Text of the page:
I was at Glyn Malden in 1956 which was the junior school for girls aged 6-11 years old. Apart from the terrible homesickness at such a young age, it was a very happy place to be. My main memories are of playing outside for hours and making dens in the large grounds. There was a swimming pool, but it was very unlike a modern pool - a concrete tank fed by icy mountain stream water. I can still feel the cold and remember vividly the swimming lessons which were anything but enjoyable.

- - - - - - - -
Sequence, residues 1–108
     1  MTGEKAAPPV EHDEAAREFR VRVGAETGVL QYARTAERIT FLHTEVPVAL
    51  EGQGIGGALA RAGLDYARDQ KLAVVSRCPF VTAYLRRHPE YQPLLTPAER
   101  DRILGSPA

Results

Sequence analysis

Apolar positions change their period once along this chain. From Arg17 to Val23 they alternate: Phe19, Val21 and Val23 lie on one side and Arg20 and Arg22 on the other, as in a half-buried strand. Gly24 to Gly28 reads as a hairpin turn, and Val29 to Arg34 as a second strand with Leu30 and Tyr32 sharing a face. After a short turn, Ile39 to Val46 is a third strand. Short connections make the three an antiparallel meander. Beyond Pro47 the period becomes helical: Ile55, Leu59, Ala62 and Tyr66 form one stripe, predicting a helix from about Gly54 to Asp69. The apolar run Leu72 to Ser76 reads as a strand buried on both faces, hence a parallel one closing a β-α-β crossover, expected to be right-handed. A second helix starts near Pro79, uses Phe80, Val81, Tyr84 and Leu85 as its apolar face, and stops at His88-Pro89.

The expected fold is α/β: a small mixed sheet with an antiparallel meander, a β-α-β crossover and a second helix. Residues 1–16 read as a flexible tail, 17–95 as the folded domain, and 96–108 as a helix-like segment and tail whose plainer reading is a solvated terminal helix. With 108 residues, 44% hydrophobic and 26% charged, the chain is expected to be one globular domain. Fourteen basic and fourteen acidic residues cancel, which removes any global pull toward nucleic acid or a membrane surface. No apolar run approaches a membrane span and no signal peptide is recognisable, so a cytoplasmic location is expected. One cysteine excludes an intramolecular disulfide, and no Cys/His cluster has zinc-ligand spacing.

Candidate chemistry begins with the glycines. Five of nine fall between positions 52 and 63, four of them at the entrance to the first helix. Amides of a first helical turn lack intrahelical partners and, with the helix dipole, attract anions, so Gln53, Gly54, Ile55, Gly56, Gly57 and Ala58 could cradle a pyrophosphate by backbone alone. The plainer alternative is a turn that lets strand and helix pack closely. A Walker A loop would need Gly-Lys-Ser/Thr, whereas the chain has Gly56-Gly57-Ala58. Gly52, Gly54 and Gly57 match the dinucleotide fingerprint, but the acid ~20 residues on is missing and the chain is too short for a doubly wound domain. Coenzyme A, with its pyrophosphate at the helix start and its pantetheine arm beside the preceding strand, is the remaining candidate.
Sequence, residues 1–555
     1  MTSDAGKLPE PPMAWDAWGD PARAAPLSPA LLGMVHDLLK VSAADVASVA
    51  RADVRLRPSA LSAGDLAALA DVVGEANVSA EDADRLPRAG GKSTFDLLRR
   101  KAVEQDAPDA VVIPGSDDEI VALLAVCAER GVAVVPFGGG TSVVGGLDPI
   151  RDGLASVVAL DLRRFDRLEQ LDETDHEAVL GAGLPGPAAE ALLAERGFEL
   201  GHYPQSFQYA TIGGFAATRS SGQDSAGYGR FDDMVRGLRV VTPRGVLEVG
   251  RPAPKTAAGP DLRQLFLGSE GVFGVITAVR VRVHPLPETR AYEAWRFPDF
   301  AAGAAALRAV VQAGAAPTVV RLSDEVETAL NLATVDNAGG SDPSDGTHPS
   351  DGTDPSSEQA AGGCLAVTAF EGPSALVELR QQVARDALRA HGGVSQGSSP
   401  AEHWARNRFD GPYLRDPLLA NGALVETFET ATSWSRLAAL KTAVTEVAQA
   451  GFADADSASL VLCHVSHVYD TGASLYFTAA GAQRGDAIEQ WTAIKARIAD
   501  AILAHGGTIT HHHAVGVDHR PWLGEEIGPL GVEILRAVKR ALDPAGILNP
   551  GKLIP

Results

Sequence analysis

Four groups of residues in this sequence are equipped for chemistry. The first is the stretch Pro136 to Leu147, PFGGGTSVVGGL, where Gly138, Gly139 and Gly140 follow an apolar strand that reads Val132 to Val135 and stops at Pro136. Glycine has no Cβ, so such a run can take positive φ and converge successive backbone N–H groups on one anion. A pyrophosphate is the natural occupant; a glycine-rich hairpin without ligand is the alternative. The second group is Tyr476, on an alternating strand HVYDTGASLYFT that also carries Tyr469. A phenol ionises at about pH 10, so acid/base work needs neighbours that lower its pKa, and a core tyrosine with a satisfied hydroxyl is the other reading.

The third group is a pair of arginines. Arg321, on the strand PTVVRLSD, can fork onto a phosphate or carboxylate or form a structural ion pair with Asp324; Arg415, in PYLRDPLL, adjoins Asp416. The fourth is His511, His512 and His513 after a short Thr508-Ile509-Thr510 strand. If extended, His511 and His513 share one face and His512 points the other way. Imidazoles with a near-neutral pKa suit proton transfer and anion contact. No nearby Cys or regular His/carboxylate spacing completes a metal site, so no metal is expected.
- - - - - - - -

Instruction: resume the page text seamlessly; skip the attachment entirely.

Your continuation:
One day we were told to expect a special visitor who was coming to take photos of us and learn about our daily life. This caused much hilarity because the life portrayed was very unlike our normal existence. We were told to pretend to garden the headmistress's garden which we were never allowed near, to herd the resident flock of ducks and to be photographed eating our tea when it wasn't teatime! The associated photo shows us herding ducks.
The attached document is a copy of the article written for the Daily Post on 2nd May 1956 "The School a Nation takes to its Heart" by Jean Ware.
(The original article is in too poor a state to be scanned for the site)